Member Spotlight: Meet Writer GD Deckard

Posted by March 11th, 2013

Book Country Member Spotlight Q&A

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“You could save yourself time if you pay the most attention to the criticism you most dislike.” –GD Deckard

GD Deckard is a science fiction writer from Naples, Florida. He’s been writing since he was seventeen years old, has six grandchildren, and happens to be one of the friendliest people on Book Country. In the discussion “How Do You Use Reviews,” he writes something I find quite profound. Admitting how hard it is to take peers’ criticisms of his book, he concludes: “Truth is, it’s my baby, but someday it will have to make a living in this world.” Amen to that.

Nevena: Thank you for being part of the spotlight, GD. Where do you get ideas for your fiction?

GD: The idea for my current project came to me in a series of dreams about a future America in which natural resources have run out. I didn’t dream about calamities, just bits of everyday life. Eating in a cafeteria because, well, that’s where people would eat. Finding a barracks room to stay for the night because that’s where single people would sleep. Feeling intense togetherness at a community event on a school playground, and later disturbing sadness when I realized the school was long abandoned. It never felt like my America in ruins, but inexorably the scenes came together to make a coherent world.

Nevena: What draws you to hard science fiction?

GD: Hard science fiction is the only way to write about an inevitable future world. I set my book at the turn of the next century to allow time for America to need cafeterias to feed everybody. In the story, civilization has already run out of oil in the middle of the century. That’s “fiction” because it happens in the future, and it’s “science” because it’s based on current oil company projections.

Nevena: Tell us more. Is your book a stand-alone or part of a series?

GDThe Phoenix Diary is meant to be a fast, easy read. It’s about three teens off to find an ancient diary. They don’t know what it is exactly because local legends vary. Some people think it’s a computer with the technical data needed to rebuild their lost civilization, or an almanac for restoring earth to a Garden of Eden natural balance, or an ancient tome written by a man from the stars that tells of mankind’s true beginning and ultimate destiny. “None of that is true, of course,” our hero’s father tells him. “People just need stories like that to remind them of what they can achieve.”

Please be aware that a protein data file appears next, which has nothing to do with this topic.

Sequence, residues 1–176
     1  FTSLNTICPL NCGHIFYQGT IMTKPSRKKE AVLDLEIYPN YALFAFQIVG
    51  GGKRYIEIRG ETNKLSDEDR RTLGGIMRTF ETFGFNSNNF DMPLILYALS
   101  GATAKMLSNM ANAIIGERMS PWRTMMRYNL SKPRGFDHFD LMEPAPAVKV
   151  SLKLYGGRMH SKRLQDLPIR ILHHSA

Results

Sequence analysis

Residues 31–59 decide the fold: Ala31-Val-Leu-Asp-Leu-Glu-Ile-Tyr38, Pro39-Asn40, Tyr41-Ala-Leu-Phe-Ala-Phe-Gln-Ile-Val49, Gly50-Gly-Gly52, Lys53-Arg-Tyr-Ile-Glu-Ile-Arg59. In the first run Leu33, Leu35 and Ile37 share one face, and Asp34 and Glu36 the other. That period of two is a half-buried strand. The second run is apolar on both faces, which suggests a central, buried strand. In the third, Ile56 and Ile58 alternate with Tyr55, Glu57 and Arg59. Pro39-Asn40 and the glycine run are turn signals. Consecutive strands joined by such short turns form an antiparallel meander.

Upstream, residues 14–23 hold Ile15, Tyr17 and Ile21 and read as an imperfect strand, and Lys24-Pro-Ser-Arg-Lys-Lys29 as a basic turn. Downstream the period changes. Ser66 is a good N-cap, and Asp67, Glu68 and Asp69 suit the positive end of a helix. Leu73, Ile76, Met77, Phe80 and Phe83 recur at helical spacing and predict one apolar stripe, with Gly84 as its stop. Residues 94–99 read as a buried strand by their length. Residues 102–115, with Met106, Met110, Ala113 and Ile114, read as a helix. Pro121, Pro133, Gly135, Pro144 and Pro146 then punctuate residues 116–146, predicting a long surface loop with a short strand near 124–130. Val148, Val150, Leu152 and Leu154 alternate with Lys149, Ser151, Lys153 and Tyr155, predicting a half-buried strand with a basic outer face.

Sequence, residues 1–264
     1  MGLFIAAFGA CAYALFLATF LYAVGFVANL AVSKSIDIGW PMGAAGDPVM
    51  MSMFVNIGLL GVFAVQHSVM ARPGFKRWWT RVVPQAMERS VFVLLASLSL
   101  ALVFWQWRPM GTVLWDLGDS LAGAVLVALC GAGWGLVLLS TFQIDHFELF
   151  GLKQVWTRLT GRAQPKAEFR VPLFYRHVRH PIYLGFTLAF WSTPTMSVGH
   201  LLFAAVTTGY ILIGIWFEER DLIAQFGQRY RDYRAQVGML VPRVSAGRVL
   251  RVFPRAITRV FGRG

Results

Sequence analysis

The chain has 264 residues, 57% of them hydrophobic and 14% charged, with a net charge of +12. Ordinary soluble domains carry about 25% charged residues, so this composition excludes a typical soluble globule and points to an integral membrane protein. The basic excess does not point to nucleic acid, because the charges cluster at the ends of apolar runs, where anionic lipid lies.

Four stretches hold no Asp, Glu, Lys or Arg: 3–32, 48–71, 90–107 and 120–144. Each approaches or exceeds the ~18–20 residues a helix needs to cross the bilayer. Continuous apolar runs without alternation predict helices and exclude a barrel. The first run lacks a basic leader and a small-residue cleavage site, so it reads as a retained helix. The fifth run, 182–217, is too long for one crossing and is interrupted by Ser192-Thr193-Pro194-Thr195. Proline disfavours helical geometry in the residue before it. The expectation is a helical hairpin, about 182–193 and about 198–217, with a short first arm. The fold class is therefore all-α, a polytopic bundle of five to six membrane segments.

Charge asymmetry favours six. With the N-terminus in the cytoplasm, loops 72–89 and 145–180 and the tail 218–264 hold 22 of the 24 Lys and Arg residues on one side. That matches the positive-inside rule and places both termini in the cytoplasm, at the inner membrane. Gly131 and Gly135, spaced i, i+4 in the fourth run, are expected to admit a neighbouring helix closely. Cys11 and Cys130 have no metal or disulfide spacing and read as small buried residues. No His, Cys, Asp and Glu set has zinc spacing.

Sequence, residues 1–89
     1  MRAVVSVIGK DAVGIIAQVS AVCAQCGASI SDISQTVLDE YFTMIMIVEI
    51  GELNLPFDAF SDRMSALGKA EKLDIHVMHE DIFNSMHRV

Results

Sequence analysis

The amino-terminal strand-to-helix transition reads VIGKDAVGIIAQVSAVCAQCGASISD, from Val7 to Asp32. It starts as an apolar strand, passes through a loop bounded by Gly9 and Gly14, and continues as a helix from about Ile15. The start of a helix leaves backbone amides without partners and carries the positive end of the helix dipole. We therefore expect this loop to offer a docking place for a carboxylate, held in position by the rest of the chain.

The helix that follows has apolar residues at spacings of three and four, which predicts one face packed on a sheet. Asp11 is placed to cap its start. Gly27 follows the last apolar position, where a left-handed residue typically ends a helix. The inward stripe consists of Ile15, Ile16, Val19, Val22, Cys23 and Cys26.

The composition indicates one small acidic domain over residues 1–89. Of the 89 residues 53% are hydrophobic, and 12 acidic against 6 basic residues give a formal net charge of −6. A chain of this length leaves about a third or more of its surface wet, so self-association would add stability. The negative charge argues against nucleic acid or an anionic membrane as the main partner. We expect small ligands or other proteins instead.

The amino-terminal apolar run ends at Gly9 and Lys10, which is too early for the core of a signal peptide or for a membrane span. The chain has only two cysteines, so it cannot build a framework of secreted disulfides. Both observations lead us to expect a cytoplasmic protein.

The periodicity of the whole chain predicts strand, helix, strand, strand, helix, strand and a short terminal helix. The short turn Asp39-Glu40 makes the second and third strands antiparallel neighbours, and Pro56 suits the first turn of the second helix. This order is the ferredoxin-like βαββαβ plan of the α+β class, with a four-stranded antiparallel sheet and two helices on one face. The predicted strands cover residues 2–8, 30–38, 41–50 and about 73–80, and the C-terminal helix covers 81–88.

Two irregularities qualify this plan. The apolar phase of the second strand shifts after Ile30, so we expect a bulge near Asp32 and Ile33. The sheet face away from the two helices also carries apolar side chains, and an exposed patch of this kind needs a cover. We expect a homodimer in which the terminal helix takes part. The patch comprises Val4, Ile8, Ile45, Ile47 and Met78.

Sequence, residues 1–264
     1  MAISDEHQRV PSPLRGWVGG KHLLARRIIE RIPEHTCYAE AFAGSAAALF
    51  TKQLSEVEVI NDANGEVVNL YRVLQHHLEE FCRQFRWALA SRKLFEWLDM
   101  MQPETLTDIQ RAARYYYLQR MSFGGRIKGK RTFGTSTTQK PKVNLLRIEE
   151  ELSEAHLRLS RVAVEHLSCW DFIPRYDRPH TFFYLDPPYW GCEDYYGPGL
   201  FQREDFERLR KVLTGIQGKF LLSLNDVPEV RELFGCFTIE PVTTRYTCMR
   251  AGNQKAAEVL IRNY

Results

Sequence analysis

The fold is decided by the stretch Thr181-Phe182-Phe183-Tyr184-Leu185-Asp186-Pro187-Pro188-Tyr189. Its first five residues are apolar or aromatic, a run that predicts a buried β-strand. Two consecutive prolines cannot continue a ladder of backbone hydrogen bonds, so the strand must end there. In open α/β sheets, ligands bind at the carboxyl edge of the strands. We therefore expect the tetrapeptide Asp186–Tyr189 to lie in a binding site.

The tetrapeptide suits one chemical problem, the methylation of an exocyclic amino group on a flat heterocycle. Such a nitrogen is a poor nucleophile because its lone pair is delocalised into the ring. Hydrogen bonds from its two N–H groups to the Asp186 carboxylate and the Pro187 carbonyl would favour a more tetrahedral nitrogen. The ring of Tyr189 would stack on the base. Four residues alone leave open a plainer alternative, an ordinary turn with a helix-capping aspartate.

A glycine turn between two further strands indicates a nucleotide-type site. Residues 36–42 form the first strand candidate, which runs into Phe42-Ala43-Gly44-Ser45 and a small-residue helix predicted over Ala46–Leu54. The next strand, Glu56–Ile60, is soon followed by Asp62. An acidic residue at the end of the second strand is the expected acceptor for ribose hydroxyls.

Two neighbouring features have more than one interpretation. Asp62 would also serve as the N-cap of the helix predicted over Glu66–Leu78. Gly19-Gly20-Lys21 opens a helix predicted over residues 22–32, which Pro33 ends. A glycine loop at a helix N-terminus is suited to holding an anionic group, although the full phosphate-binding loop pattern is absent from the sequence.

One of the main characters ruthlessly pursues the teens into the Rocky Mountains, through an ancient vault and into the ruins of Denver. The adventure changes them. The kids mature, become heroes, and ultimately take us into the future of human evolution.

There will be a prequel tentatively titled The Collapse and set in the days when oil runs out. Then, a final book about the next stage in human evolution.

Nevena: Do you feel a responsibility to create certain types of narratives?

GD: I like stories where the author changes one fact and shows us how that change would alter our world. Hard science fiction can show us our future by recognizing coming changes and predicting their effects. The predictions are fiction, but if the rest of the narrative is grounded in reality, it can be convincing and may even become true. Maybe we should drop “science” and just go with “hard fiction.”

What-if stories about where our world is headed.

Nevena: So how do you fit writing into your life? What do you do when you’re not writing?

GD: I’m semi-retired—what’s to fit? Besides writing and the occasional bit of work, I amuse myself with hobbies, computer games and making voodoo dolls of potential reviewers.

Nevena: Lol! Do you have any interesting writing quirks?

GD: No. I have no quirks. But I understand why you would ask, Nevena. I’ve read Carl E Reed’s posts :).

Nevena: I love inside jokes… What’s the hardest part about being a writer?

GD: Learning that what I write is not always what the reader grasps. For example, at 60k words into The Phoenix Diary, I suddenly “got” the point of view concept. Now, I’m rewriting all my point of view breaks. Ack!

Nevena: Ooh. Good luck! Why are you a Book Country member? How has it helped you grow as a writer?

GD: Book Country is to writers what Montmartre was to painters, a community for meeting fellow writers and sharing ideas. There are wonderful people here who take their time to read other writers’ work and give their honest opinion and advice. I am indebted to them for specific assistance. I believe many will become successful writers.

Nevena: That’s nice of you to say. Do you have any advice for new members?

GD: Well, based on my own experience, I’d say: “You could save yourself time if you pay the most attention to the criticism you most dislike.”

Nevena: Sounds like a good challenge.

Thanks, GD, for taking the time to answer my questions.

Connect with him on Book Country and check out his website for cool illustrations from The Phoenix Diary.

 

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